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Garra mullya (SYKES, 1839)

SynonymsTop ↑

Chondrostoma mullya Sykes, 1839; Discognathus fusiformis Heckel, 1844; Garra malabarica Day, 1865; Garra alta Day, 1867; Garra jerdoni brevimentalia Narayan Rao, 1920; Garra jenkinsonianum Hora, 1921


Garra: vernacular Gangetic name for a particular species of “sand-digger,” which Francis Buchanan-Hamilton applied as a generic name for bottom-dwelling cyprinids “with no affinity to another genus”.

mullya: from the Marathi vernacular name for this species in India.


Order: Cypriniformes Family: Cyprinidae


This species is endemic to and widespread within peninsular India, where it has been recorded from the states of Gujrat, Madhya Pradesh, Chhattisgarh, Orissa, Jharkhand, West Bengal, Maharashtra, Andhra Pradesh, Goa, Karnataka, Tamil Nadu and Kerala.

It is thus found in numerous river systems of which some of the most important include the Tapti, Narmada, Mahanadi, Godavari, Krishna, and Cauvery.

Type locality is given simply as ‘Deccan, India’, but the description also makes reference to “Downde”, which may refer to Daund on the Bhima river, Pune district, Maharashtra state.


Has been recorded in various habitat-types, from flowing headwater streams and upland systems to low altitude main river channels, including polluted stretches.

At least some populations migrate upstream in order to breed.

Maximum Standard Length

120 – 170 mm.


Wild fish are reported to feed on algae, diatoms, and organic detritus.

NotesTop ↑

G. mullya can be distinguished from other Garra species of the Western Ghats by the following combination of characters: proboscis absent; <34 lateral line sclaes; scales uniformly present on body; interorbital distance less than or about two times HL.

The genus Garra is a particularly enigmatic grouping with new taxa described on a regular basis, while many of the existing ones may represent cases of misidentification or synonyms of other species. Some of the revisions have also been called into question, which has added further confusion. A full generic review would be ideal but is unlikely to materialise given the extensive distribution of its members which range from southern China across much of southeast Asia, India and the Middle East as far as north/central Africa.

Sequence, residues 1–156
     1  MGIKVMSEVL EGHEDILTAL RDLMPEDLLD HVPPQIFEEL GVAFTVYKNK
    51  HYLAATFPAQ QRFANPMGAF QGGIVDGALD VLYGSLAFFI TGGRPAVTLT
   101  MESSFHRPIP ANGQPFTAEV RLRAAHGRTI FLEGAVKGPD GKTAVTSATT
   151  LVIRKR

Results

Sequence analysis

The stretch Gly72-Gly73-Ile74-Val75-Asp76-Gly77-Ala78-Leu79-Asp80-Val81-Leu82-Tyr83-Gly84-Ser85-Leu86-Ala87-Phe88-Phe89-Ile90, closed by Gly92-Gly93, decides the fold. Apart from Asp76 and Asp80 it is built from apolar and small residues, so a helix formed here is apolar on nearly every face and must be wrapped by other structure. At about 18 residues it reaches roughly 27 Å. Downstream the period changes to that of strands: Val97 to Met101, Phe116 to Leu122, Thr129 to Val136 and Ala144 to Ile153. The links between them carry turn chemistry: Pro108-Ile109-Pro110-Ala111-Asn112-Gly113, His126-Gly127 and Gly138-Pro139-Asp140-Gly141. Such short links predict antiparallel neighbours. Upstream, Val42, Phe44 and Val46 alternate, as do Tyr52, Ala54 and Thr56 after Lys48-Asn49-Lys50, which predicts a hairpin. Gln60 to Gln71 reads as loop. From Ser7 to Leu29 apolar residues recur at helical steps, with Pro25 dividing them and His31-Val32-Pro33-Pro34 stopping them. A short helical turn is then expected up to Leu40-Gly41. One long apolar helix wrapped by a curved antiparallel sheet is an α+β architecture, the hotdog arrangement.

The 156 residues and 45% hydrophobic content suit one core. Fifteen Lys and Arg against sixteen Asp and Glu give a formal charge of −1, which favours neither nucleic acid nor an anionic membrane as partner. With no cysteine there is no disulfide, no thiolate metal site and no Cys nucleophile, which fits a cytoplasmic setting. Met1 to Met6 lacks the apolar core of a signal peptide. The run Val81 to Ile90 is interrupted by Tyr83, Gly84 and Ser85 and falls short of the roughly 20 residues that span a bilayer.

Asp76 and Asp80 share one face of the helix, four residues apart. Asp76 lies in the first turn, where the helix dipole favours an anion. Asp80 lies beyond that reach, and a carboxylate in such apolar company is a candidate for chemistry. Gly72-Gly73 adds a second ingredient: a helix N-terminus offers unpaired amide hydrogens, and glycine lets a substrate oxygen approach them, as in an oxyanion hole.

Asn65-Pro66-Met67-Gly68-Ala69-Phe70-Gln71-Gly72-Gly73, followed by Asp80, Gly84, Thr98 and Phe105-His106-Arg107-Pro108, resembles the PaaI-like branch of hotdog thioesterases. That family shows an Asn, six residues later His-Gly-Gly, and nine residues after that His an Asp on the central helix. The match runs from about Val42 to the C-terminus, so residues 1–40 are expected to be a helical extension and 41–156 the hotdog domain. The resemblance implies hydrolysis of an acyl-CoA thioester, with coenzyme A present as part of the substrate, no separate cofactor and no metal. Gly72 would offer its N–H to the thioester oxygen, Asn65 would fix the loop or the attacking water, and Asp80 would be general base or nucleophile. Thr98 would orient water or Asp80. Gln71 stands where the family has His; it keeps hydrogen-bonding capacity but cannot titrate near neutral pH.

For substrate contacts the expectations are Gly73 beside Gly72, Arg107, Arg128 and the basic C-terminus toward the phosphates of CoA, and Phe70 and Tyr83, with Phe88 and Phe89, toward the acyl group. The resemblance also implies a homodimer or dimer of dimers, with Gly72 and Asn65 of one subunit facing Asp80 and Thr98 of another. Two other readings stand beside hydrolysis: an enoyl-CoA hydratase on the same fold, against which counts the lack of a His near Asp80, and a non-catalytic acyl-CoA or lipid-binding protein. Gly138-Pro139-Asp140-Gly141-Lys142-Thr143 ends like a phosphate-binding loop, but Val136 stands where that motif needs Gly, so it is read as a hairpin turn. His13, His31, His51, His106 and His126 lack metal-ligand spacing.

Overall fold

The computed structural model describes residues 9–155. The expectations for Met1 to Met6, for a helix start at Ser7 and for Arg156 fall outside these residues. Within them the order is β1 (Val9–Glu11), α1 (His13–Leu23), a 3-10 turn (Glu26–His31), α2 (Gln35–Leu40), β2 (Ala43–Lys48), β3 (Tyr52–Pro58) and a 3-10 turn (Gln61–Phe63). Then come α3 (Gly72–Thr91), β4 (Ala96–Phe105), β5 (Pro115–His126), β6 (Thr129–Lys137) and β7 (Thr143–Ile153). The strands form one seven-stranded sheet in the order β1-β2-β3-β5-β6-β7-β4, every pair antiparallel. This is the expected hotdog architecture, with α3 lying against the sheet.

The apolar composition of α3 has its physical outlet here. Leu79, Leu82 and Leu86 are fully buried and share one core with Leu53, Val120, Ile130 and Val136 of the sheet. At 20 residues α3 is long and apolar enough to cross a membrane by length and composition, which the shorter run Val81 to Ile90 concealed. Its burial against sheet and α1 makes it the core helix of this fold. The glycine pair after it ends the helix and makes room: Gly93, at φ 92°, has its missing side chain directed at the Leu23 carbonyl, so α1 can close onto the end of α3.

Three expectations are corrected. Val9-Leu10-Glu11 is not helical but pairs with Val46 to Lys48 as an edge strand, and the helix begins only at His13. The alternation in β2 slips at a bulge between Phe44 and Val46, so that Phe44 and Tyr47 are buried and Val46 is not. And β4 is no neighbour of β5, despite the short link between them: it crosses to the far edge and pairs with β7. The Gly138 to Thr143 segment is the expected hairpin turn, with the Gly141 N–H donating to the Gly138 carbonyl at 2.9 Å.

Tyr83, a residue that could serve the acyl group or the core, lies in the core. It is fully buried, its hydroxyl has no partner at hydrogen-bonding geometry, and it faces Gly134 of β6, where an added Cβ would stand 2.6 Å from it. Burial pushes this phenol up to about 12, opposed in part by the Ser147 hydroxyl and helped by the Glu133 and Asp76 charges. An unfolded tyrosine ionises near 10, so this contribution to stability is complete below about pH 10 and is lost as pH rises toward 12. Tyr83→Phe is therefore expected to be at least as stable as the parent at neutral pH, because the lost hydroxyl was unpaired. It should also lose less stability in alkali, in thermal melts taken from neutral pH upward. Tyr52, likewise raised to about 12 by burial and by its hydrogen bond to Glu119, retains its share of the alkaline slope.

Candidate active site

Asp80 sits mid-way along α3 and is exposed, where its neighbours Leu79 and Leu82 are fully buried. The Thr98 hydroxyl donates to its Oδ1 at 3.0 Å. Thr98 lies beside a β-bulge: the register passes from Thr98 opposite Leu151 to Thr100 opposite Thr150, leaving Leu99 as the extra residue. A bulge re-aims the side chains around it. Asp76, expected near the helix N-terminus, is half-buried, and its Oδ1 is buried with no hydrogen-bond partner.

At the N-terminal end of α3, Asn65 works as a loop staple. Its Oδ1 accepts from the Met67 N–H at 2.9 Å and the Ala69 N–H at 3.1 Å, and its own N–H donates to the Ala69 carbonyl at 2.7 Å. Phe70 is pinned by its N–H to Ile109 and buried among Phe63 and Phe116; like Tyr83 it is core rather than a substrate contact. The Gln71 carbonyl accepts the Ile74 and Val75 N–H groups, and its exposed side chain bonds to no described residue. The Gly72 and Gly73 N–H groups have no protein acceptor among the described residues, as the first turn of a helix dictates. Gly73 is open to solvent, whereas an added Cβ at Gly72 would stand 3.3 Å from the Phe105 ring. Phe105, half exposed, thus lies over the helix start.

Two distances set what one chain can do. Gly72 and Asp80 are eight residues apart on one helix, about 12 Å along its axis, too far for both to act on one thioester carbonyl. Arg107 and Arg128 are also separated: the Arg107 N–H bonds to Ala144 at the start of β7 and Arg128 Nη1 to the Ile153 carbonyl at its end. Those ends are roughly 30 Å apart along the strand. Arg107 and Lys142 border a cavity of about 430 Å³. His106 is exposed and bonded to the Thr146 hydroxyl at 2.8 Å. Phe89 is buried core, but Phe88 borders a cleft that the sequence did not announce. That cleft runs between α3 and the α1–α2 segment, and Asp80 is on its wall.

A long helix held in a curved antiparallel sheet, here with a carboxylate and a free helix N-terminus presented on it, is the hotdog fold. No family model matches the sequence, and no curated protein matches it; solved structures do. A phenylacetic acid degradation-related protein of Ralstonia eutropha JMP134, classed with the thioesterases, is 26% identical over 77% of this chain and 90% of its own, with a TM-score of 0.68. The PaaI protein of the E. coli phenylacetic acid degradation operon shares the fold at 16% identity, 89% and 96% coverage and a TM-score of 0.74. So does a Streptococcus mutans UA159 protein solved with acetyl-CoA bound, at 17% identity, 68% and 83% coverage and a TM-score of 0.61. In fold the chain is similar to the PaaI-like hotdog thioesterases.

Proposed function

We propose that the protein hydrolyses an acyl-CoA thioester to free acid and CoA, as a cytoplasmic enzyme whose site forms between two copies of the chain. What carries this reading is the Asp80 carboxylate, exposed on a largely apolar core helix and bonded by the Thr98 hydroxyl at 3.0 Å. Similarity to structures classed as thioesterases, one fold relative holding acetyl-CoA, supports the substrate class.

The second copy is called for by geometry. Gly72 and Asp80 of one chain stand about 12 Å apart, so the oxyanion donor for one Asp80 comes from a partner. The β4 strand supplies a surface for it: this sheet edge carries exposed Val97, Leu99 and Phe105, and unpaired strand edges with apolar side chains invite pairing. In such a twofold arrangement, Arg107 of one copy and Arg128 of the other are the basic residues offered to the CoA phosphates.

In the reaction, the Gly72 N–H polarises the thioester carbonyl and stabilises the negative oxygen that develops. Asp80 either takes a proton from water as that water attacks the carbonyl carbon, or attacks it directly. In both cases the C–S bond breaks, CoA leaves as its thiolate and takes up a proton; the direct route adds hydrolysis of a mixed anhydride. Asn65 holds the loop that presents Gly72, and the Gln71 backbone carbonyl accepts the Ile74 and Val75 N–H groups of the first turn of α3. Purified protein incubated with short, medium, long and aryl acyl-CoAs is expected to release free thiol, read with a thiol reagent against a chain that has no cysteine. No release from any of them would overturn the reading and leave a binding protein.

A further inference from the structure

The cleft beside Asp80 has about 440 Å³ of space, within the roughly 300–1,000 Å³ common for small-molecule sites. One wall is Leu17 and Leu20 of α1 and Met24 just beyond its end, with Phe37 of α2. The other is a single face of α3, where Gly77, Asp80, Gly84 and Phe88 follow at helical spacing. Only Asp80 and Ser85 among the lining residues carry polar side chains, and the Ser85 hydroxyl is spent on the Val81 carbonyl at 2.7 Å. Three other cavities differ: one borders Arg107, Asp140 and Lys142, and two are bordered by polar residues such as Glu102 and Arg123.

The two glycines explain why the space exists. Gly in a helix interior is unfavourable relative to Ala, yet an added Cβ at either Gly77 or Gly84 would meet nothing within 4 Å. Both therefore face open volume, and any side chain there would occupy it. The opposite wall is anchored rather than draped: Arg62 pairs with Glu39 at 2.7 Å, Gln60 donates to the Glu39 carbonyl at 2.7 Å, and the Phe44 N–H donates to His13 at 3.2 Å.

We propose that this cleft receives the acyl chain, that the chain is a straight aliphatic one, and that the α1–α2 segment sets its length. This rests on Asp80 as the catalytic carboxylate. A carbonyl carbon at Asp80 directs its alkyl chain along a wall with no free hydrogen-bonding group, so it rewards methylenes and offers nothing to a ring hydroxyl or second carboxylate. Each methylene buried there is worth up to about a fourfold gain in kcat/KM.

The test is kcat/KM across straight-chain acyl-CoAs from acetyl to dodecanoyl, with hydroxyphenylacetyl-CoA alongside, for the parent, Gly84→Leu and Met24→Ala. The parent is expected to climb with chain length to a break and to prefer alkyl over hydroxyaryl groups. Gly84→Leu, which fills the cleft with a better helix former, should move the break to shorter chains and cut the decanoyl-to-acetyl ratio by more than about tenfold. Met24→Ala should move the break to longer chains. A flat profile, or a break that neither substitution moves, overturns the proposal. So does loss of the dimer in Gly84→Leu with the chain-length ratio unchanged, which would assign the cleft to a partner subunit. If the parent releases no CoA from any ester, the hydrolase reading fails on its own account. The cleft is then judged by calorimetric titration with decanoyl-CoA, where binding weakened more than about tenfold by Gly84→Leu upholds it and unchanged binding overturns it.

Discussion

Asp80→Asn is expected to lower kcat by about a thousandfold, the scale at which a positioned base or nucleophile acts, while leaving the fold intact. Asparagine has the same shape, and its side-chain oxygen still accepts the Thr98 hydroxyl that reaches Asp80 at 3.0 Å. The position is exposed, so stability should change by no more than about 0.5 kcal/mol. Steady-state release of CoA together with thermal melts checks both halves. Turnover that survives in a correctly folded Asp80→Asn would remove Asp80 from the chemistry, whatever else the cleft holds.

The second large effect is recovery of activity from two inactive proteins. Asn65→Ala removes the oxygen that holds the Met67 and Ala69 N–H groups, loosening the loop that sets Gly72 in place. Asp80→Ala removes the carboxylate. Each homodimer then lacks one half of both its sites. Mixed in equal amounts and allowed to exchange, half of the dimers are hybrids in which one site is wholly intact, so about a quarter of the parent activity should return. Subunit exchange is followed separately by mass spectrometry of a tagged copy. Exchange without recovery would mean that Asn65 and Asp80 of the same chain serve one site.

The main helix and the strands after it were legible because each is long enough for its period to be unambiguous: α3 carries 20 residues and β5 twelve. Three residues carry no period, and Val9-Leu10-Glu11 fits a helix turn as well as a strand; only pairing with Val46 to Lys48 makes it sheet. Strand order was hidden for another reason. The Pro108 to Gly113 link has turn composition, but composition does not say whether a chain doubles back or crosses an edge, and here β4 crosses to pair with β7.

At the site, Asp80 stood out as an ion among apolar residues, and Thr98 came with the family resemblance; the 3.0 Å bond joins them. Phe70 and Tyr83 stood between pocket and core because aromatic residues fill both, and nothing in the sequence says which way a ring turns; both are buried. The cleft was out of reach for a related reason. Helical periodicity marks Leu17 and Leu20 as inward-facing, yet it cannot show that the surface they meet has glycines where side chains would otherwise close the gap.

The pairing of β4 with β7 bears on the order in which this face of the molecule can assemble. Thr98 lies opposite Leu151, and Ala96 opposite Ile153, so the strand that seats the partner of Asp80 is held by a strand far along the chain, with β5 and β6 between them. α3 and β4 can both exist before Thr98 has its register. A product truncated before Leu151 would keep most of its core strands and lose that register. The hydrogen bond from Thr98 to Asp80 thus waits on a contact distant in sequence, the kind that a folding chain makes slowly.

Instead a number of less-extensive works published in recent years have resulted in a gradual, but continuing, improvement in knowledge, and it remains possible that the genus will be broken up into smaller taxa since the current assemblage is almost certainly polyphyletic.

Garra species are usually included in the subfamily Labeoninae/Cyprininae or tribe Labeonini (name varies with author) which by recent thinking is further divided into four subtribes; Labeoina, Garraina, Osteochilina, and Semilabeoina (Yang et al., 2012). The putatively monophyletic Garraina comprises a number of genetic lineages including Garra sensu stricto (which also includes Horalabiosa, Phreatichthys and possibly other genera), a small clade comprising Garra cambodgiensis and G. fascicauda (thus rendering Garra polyphyletic), Paracrossocheilus, and Gonorhynchus (which includes Akrokolioplax).